An understanding of where each vendor’s set of products fits within the overall enterprise architecture is essential to determining the optimal strategy. EA enables an organization to know the role each vendor’s software plays in the overall corporate architecture. It can answer key questions vital to the company’s negotiating posture. For example:
Which vendors' products are used in mission-critical applications?
Which products carry significant costs, but are rarely used?
In which cases are a given vendor’s products paralleled by a similar on-premise product from another vendor? Could consolidation proceed without significant migration costs or disruption?
Are there ongoing discovery, proof-of-concept, or other budgeted projects that could realistically reduce the enterprise’s dependence on a particular vendor’s product?
Are there open source, outsourced, cloud, SaaS, or other initiatives in progress that could substantially mitigate dependency on a particular vendor’s product or reduce the use of that product in your environment?
Maintain a systematic and vigilant approach to security. Some may be tempted, in tough economic times, to short-circuit proven security solutions. In its governance role, EA can provide both the vigilance and expertise to ensure that security is not compromised. Through careful evaluation of any security implications of proposed change, EA can keep the focus on improving the quality of security and responding to ongoing and emerging threats to the enterprise in the most cost-effective way, while simultaneously illuminating and helping to remediate security bottlenecks. As the aspect of an organization responsible for delivering common services, EA can build serves that make quality security systems quicker and less expensive to implement.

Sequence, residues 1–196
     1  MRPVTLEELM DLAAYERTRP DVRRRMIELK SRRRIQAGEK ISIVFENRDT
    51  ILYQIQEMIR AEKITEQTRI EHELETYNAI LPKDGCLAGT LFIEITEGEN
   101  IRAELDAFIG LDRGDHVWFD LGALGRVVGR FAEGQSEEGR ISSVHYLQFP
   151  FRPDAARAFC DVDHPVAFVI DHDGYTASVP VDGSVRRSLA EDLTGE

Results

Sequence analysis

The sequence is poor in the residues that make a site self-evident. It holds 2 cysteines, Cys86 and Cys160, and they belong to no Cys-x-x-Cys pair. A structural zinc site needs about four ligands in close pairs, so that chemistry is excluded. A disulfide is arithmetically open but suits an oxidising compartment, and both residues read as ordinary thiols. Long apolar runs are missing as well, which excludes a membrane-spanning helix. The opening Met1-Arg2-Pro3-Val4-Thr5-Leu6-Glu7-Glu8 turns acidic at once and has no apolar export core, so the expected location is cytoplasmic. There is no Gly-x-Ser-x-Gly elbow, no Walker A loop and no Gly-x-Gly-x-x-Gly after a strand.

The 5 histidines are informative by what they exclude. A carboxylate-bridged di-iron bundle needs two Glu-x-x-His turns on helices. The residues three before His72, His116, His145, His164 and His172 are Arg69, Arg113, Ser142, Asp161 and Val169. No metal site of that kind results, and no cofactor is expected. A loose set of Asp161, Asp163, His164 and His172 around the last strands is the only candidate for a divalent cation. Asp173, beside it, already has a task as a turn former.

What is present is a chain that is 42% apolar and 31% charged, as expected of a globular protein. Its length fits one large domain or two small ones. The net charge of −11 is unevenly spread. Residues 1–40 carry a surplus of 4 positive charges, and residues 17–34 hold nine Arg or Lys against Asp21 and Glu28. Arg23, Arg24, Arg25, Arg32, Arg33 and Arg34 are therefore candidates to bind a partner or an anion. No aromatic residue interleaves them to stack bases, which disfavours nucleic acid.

Analyze and recommend where outsourcing can provide significant benefits. EA enables organizations to understand the ramifications and assess the value of moving specific IT activities offshore.
Take the initiative to review and modify the IT roadmap. Without anyone demanding it, the EA team should be proactive in taking a long hard look at its 18-month to three-year road map in the light of current economic conditions. All strategies are based on the best estimation of what will drive the business and the IT development to support it. Changing times mean changing conditions and therefore changed priorities. The EA team should take on a leadership role in adjusting plans, even if it means delaying cherished projects such as SOA.
These are just a few of the ways in which the leadership and staff of EA can contribute to their organization in clear and documentable ways that management can recognize as adding clear cost-effective direct value to the organization.
Technology Innovation and SOA
From a strategic perspective with regard to SOA, this is not the time to be proposing grand schemes with high price tags and uncertain results, but it is precisely the time to implement specific services that reduce cost.
At the same time, the EA team must keep an open eye for new technology solutions. While everyone can predict but no one can know what’s going to happen next, all indicators suggest that we are in for a long, difficult period. But new and innovative solutions also emerge during such times.
Strategy does not become irrelevant in an economic downturn any more than it would become irrelevant to an army that is forced to retreat. One could reasonably argue that effective strategies become even more important in volatile times, where accurate decisions may not only impact profitability but the very survivability of the enterprise. EA’s task is to adapt its strategies to changed conditions and provide leadership and productive efforts to meet the challenges and opportunities that such conditions bring.
As Senior Technical Architect in the Corporate Office of Technology of Guardian Life, Jonathan Mack guides the architecture of major re-engineering projects implementing state-of-the-art SOA and BPM. Prior to Guardian, as chief architect at 1-800-Flowers.com, Jonathan led efforts to make its multi-brand, multi-channel initiatives service-oriented. Through his career on the cutting edge of technological change, Jonathan has garnered valuable insight into the opportunities and risks involved in transforming enterprises from siloed, legacy environments to agile service-oriented architectures.